Sarah Palin is all over the news – just like she wants. And before you criticize her, she and her team have a strategy and they’re implementing it well to ensure that her persona is before the American public until the next Presidential election. Like her or not, get used to seeing and hearing much about Palin.
And on cue, Palin is on the front cover of the latest edition of Newsweek. Most of my readers know that I like Palin but Not in That Way but what in the world is up with the editors of Newsweek. What is the point of this cover?
I don’t have a problem with the lead title but that image of Palin is demeaning. Let’s call it straight: It’s sexist. She is a politician and one of the very few visible female politicians. Why would they take a picture from a shoot from some time ago from Runner’s World Magazine (and use it without permission from RW)? What is the point of her with her “running legs” for a political article?
Politically Correct overload or is this sexist?
Here’s the link from Newsweek:
This week, to coincide with the release of Sarah Palin’s book Going Rogue, Newsweek’s editors decided to print two essays (one by Evan Thomas, the other by Christopher Hitchens) about the former Alaska governor and have her image grace our cover. The photo chosen was from a shoot Palin had participated in for Runner’s World magazine.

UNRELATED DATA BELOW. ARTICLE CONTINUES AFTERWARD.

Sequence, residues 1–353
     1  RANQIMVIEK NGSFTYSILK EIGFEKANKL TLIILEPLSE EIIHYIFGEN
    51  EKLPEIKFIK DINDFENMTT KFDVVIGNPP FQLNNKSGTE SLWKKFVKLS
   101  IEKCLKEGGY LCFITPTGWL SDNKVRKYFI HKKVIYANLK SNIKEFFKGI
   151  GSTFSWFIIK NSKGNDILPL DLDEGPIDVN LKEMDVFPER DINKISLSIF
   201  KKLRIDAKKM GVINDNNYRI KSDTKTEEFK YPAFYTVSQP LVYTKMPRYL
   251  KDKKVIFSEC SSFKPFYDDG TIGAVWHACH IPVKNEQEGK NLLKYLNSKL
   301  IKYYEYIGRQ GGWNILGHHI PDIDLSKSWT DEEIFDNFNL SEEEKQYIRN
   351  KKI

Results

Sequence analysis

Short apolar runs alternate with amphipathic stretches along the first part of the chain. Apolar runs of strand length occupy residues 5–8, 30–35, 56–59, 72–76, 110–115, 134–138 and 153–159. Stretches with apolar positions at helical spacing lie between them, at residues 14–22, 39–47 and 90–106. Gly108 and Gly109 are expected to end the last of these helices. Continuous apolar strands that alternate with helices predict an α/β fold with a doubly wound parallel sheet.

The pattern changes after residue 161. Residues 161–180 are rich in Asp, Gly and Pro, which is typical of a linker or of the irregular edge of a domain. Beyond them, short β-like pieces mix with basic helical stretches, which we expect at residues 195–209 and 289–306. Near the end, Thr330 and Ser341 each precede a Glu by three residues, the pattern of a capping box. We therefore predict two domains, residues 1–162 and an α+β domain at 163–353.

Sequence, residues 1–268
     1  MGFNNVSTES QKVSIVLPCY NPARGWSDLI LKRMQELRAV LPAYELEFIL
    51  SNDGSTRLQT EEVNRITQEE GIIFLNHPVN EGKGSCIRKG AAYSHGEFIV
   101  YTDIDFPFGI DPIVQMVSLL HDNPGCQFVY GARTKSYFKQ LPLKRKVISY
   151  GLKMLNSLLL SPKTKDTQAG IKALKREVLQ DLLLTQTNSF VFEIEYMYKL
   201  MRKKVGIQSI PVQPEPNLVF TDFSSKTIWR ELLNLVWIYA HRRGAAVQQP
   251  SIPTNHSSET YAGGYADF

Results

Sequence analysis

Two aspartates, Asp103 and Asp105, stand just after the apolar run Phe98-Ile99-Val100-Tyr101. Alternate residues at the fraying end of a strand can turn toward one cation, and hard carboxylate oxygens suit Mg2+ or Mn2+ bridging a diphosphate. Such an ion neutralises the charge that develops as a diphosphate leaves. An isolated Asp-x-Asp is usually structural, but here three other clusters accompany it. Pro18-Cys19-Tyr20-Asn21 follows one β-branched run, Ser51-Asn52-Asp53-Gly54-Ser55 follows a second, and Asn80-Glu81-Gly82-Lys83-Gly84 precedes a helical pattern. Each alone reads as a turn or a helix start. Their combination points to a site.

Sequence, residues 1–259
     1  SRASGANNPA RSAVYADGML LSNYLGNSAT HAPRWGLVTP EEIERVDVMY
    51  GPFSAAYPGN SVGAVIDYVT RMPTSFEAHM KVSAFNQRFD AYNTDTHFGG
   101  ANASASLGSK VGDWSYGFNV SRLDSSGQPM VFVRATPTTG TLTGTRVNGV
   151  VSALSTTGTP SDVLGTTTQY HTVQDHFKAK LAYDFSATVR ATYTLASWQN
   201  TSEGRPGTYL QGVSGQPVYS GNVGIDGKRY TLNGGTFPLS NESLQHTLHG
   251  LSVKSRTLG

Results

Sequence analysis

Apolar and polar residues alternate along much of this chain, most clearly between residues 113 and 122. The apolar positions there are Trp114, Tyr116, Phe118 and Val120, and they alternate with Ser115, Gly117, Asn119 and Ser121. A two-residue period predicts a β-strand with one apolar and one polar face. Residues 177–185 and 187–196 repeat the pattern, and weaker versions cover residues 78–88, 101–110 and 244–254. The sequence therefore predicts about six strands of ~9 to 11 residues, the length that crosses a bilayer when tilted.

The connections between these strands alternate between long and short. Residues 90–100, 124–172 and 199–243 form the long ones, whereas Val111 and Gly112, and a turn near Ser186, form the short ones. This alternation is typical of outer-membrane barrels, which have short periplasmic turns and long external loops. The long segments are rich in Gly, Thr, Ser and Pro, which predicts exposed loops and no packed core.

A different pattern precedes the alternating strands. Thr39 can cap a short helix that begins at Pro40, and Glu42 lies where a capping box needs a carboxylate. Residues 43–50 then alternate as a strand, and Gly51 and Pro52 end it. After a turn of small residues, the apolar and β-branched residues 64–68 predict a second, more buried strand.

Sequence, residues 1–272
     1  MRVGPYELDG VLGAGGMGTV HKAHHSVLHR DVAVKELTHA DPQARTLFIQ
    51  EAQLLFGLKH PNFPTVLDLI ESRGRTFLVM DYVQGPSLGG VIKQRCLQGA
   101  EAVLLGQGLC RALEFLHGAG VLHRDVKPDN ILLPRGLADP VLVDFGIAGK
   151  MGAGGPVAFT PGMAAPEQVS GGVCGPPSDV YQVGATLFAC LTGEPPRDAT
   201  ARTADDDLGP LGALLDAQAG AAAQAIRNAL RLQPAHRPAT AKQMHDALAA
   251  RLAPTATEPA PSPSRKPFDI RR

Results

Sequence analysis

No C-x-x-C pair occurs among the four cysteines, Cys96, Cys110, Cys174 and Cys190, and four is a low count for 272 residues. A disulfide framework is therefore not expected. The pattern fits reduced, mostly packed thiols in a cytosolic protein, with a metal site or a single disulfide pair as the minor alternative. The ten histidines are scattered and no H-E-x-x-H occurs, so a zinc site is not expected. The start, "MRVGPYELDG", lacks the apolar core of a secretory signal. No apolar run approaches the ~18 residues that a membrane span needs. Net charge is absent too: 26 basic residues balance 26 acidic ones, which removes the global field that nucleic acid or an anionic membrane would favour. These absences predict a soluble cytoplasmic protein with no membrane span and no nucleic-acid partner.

To note that choosing that particular photograph has ruffled a few feathers is perhaps an understatement. Palin denounced it—and us—to her million-strong Facebook following last night. “The choice of photo for the cover of this week’s Newsweek is unfortunate. When it comes to Sarah Palin, this ‘news’ magazine has relished focusing on the irrelevant rather than the relevant,” she wrote on her fan page, adding, “The out-of-context Newsweek approach is sexist and oh-so-expected by now.” She also told ABC’s Barbara Walters that she found the cover “a wee bit degrading.” Others, like CBN’s David Brody, said our cover was a new low: “biased and sexist at the same time.”
Today, Newsweek’s Editor Jon Meacham has responded to critics. “We chose the most interesting image available to us to illustrate the theme of the cover, which is what we always try to do,” Meacham said. “We apply the same test to photographs of any public figure, male or female: does the image convey what we are saying? That is a gender-neutral standard.”